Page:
Gaskella’s Midweek Miscellany #11

With the nice weather we’ve been having, I was musing about taking some cushions and a book out into the garden, but then thought again.  I just can’t concentrate on reading a book outside.  I’d be too distracted, listening to the birds, admiring the flowers, being hay-fevery, being on bug patrol, thinking ‘I need to mow the lawn/do more weeding/scoop the duckweed from the pond/insert your own gardening task here’.   I could go to the park, but then I’d be people, dog and cloud-watching.  

Ironically, indoors, as long as I’m snug on the sofa or in bed, I can read through anything – the radio or telly is often/usually on in the background.   I also can’t read in cars, buses or coaches due to car-sickness headaches (get’s me out of navigating duties!), but trains and planes are fine, I can turn off surrounding stimuli there and read too. 

Do you have places or situations where you just can’t read?

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I haven’t told you about any new books that have arrived at Gaskell Towers this month, here are some of them. If you persevere to the bottom, I also have a giveaway for you!   So, from the top …

Seeking Whom he may Devour by Fred Vargas. I’ve yet to read any of her off-beat existentialist French crime novels – but looking forward to getting started.
Genesis by Bernard Beckett – a YA novel about philosophy and artificial intelligence (has a great cover with a robot apple too).
The Housekeeper and the Professor by Yoko Ogawa – sounds brilliant and DGR loved it.
Love and Summer – now out in paperback, this will be my first William Trevor read.
The Adoration of Jenna Fox by Mary E Pearson. Another YA novel – girl wakes from a coma …
Peace by Richard Bausch. I’ve heard good things about this wartime story.
The Book of Disquiet (Serpent’s Tail Classics) by Fernando Pessoa. Looks intriguing but I’ve Paperback Reader has described it as ‘a Portuguese Ulysses’ – but it’s nowhere near as long.
Botticelli Secret, The by Marina Fiorato. A comfort read historical author of mine – her latest. Based on Botticelli’s wonderful painting ‘Primavera’.
Affair of the Mutilated Mink, The (Burford Family Mysteries 2) by James Anderson. Billed as Christie meets Sayers with a dash of Wodehouse. Could be fun.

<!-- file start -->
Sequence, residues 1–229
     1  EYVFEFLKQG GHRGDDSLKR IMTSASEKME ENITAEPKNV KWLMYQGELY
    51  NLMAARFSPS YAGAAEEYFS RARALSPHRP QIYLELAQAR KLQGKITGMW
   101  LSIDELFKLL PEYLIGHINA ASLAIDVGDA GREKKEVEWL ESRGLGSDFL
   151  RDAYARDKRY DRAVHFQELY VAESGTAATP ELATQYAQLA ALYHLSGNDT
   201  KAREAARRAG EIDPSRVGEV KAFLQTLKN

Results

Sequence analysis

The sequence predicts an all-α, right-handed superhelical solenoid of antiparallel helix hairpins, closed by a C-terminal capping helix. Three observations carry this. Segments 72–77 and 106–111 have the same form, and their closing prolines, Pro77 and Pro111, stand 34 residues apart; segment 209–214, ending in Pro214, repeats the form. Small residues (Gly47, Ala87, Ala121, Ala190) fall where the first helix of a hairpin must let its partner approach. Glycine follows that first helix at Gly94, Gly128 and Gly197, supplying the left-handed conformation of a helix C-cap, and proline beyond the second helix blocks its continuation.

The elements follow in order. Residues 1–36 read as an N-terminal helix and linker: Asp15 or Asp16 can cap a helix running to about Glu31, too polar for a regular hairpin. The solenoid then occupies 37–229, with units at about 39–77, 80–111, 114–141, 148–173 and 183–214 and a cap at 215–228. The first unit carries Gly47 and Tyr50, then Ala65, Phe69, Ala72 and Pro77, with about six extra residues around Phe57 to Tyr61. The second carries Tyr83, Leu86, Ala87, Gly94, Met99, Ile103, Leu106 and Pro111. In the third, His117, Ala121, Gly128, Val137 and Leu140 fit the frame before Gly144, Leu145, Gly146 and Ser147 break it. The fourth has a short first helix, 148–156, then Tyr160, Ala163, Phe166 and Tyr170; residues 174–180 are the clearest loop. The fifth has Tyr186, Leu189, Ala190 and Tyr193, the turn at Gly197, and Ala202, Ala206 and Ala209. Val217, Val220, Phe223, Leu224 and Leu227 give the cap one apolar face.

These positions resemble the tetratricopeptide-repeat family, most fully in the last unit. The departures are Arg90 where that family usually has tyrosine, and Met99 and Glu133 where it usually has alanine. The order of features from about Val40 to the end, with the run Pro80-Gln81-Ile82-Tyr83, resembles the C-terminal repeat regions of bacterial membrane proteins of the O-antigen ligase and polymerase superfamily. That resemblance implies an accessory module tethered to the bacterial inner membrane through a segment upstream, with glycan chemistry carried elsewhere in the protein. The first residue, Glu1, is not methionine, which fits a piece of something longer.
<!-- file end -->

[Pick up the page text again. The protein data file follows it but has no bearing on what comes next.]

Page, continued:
The Middle Mind: Why Consumer Culture is Turning Us into the Living Dead by Curtis White. Charity shop find – I couldn’t resist given the title, and cover full of zombies, but it is a halfway serious look at the dumbing down of culture apparently.
Tender Morsels by Margo Lanagan. One of Nymeth’s all-time faves I gather, which has been on my wishlist for some time too.
Tony and Susan by Austin Wright – just looked totally intriguing!
The Life and Opinions of Maf the Dog, and of his friend Marilyn Monroe by Andrew O’Hagan. A comedy set in the 1960s as told by Maf – the dog that Frank Sinatra gave to Marilyn Monro. I enjoyed Me Cheeta: The Autobiography so this could be fun too.
The Great Perhaps by Joe Meno. Jackie loved this one – I’m sure I will too.

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Which brings me to my giveaway

For no sooner had I received a copy of The Great Perhaps
for my birthday, than an ARC arrived. So I will give the ARC away – I’ll send anywhere, but will have to send surface outside Europe due to weight/cost.  Just leave your name in the comments and I’ll make the draw on Sunday evening.


23 thoughts on “Gaskella’s Midweek Miscellany #11

  1. Gosh what a lot of books! You’ll be spoilt for choice – which one to read first. I’d start with The Botticelli Secret, but Tony and Susan does look good too.

    I can read outside so long as the light isn’t too bright. I can read with the TV or radio on when I’m inside, but if I can hear it when I’m outside it’s too distracting. As for reading in buses and cars, forget it – immediate nausea. Trains and planes are OK.

  2. Hayfever does mess with the pleasures of reading outside!

    I don’t think I have many places where I can’t read; I’m quite good at shutting the world out. I’ve been known to whip out a book on a busy central London street because I’m waiting for someone and I’m early. I can’t read in cars, though – like you, I just get horrible motion sickness if I do. Such a shame! Doesn’t seem to apply to maps, though, so I still get to do navigation duties… Just doesn’t seem fair, to me.

    That’s a pretty impressive reading pile you’ve got yourself, there. Quite nice and varied, too! Really enjoyed DGR’s review of the Yoko Ogawa and have half a mind to pick up a copy myself at some point. Look forward to seeing your thoughts!

  3. I’ve already had books from your competitions, so I feel I shouldn’t be greedy and enter another…

    And I find it very difficult to read in the heat, whether indoors or outdoors! Have hardly read anything this week. Also, while I used to be fine to read in cars etc., I now can’t – trains and coaches ok for now, but I anticipate that changing eventually…